There are a number of differences between SSL and TLS since TLS is the successor to SSL. SSL refers to Secure Socket Layer, a protocol used to ensure the security of connections between a server and a client. This protocol uses security mechanisms such as cryptography and hashing to provide security services such as confidentiality, integrity, and authentication of endpoints to connections between a server and a client. TLS refers to Transport Layer Security, is the successor of SSL, which includes bugfixes and improvements over SSL. SSL, is a bit old, has a lot of known security bugs and so what is recommended to be using is the latest version of TLS, which is TLS 1.2. SSL came to versions 3.0 after the name was changed to TLS.
What is SSL?
SSL, which refers to Secure Socket Layer, is a protocol used to provide secure connections between a client and a server. A TCP connection can provide a link between a server and a server but can not provide services such as confidentiality, integrity, and endpoint authentication. Thus, SSL was introduced by Netscape in the early 1990s to provide these services. The first version of SSL, known as SSL 1.0, was never released to the public because it had many security vulnerabilities. However, in 1995, SSL 2.0, the best security that SSL 1.0, was introduced and, in 1996, SSL 3.0 was introduced with more improvements. The next versions of the SSL protocol appear under the name TLS.
SSL, which is implemented in the transport layer, can secure a protocol such as TCP by applying various security measures. On the cryptology It uses both asymmetric and symmetric encryption. First, using asymmetric key encryption, a symmetric session key Asymmetric key cryptography is also used for certificates used to authenticate the server. Then, the message authentication code, which uses various hashing techniques, is used to ensure integrity (identifying any unauthenticated changes to the actual data). Thus, a protocol like SSL allows to transmit information such as banking transactions and credit cards on the Internet. This is used to delivery is available., Web browsing, messaging and voice over IP.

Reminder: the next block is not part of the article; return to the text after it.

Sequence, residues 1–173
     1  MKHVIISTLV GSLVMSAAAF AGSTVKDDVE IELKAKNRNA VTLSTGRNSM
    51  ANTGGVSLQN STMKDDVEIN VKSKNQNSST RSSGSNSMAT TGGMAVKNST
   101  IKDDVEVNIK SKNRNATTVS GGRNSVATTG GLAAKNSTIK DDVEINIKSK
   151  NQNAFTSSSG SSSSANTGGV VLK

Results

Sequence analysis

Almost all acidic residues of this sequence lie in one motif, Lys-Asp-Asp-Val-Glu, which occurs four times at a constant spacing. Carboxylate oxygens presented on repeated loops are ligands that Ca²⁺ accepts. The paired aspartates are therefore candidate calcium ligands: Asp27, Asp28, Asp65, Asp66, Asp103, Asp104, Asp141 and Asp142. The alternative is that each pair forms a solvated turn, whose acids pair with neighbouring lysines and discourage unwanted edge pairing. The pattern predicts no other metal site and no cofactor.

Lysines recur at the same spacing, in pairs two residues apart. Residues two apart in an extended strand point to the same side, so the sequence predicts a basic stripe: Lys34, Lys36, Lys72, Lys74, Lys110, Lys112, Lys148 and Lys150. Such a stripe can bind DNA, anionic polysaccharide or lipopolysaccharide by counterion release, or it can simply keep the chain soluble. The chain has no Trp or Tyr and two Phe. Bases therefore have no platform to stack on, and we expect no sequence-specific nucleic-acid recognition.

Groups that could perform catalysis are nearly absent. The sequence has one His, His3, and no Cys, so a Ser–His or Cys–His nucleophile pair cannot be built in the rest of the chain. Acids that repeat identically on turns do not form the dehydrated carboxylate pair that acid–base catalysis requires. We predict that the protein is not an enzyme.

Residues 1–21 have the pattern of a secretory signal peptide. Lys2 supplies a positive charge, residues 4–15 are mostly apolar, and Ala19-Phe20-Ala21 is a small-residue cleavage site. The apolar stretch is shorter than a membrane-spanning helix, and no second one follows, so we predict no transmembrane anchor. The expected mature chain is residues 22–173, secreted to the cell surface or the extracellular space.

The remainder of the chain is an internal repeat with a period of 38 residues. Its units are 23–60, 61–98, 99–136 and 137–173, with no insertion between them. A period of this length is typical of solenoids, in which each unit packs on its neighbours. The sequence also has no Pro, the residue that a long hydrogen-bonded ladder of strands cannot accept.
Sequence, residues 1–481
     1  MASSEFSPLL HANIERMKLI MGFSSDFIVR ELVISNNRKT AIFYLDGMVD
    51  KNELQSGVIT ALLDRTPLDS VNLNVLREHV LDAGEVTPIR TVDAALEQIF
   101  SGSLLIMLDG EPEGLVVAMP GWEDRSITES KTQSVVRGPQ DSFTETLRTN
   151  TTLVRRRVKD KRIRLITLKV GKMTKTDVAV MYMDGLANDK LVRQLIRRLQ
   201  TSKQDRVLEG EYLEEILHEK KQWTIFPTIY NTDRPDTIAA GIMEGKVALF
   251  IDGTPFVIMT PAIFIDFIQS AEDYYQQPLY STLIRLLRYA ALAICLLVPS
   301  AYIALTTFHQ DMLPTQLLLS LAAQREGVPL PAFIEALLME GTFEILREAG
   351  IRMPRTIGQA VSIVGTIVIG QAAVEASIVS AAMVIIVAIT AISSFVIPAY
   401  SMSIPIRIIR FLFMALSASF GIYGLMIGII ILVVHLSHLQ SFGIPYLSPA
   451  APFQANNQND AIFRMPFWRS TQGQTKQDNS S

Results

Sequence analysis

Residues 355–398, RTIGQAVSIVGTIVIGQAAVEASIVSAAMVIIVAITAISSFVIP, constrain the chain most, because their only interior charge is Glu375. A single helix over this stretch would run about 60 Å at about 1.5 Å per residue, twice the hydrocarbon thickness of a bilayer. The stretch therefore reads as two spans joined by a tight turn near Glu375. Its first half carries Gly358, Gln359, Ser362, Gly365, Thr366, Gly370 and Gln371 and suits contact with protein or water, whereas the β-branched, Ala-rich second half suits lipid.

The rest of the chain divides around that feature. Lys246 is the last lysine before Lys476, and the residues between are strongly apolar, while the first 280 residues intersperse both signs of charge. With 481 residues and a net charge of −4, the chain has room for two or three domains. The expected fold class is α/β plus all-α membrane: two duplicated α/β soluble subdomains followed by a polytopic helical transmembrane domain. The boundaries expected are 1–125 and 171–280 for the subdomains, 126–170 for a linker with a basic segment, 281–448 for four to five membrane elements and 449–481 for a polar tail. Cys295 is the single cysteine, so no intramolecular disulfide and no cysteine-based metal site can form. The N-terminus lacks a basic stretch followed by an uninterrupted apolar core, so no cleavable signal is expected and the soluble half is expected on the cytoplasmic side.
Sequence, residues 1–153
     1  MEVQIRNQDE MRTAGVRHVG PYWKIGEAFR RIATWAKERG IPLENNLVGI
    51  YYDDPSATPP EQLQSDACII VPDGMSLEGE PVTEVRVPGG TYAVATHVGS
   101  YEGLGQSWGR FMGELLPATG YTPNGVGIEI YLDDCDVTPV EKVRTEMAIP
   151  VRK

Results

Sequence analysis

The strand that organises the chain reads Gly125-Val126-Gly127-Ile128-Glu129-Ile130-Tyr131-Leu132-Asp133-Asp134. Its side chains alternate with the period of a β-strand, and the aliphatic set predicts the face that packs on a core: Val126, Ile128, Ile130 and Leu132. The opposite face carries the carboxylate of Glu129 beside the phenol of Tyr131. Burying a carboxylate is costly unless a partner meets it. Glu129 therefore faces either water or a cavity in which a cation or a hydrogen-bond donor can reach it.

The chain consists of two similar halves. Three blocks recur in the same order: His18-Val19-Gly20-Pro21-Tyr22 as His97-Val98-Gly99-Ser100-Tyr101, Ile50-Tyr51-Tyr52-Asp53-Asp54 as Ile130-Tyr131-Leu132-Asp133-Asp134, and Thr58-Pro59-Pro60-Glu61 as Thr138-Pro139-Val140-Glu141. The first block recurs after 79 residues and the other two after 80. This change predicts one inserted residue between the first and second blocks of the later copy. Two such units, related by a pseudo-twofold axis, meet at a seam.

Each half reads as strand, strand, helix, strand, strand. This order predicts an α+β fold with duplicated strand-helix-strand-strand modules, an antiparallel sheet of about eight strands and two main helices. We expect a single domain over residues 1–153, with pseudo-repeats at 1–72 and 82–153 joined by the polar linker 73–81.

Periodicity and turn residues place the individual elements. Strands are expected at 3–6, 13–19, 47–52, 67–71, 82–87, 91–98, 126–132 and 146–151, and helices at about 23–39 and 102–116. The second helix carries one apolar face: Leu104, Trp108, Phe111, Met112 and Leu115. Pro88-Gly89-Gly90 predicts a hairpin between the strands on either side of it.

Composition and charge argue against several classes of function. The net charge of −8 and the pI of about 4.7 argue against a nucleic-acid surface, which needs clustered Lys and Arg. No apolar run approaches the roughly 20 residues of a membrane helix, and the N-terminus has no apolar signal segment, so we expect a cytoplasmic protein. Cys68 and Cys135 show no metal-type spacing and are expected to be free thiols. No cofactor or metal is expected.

SSL is now obsolete and poses many security issues, the use of which is currently poorly recommended. SSL 3.0 has recently been installed in many browsers, but now it is displayed in future releases, as well as in subsequent versions for security reasons.
What is TLS?
TLS, which refers to Transport Layer Security, is the successor to SSL. After SSL 3.0, the next version emerged as TLS 1.0 in 1999. Then, in 2006, an improved version named TLS 1.1 was introduced. Then, in 2008, further improvements and bugfixes were made and TLS 1.2 was introduced. Currently, TLS 1.2 is the latest version of Transport Layer Security available. Like SSL, TLS also provides security services such as confidentiality, integrity, and authentication of endpoints. Similarly, encryption, message authentication code, and digital certificates are used to provide these security services. TLS is immune to attacks such as the POODLE attack, which compromised the security of SSL 3.0.
The recommendation is to use the latest version of TLS, TLS 1.2 because it is the last to present the weakest security vulnerabilities. Any security system is not perfect and, over time, loopholes will be detected and in the future, TLS version 1.3, which will correct the detected errors, will be released. However, currently, TLS 1.2 is the most secure and, in all mainstream browsers, it is enabled by default.
What is the difference between SSL and TLS?
TLS is the successor of SLS. SLS was introduced in the 1990s and three versions were introduced, namely SSL 1.0, SSL 2.0 and SSL 3.0. After that, in 1999, the next version of SSL was named TLS 1.0. Then, TLS 1.1 has been introduced and the latest current version is TLS 1.2.
SSL has a lot of bugs and is susceptible to known attacks as TLS. In the latest versions of TLS, most bugs have been fixed and are immune to attacks.
TLS has new features and supports new algorithms over SSL.
With the attack called POODLE attack, the use of SSL has become very vulnerable and, in newer versions of web browsers, SSL will be disabled by default. However, in all browsers, TLS is enabled by default.
TLS supports new suites of authentication and key exchange algorithms such as ECDH-RSA, ECDH-ECDSA, PSK and SRP.
Message authentication code algorithm suites such as HMAC-SHA256 / 384 and AEAD are available in the most recent versions of TLS, but not in SSL.
SSL was developed and published under Netscape. However, TLS is under the Internet Engineering Task Force as a standard protocol and is therefore available under RFC.
There are differences in the implementation of the protocol, such as key exchange and key derivation.
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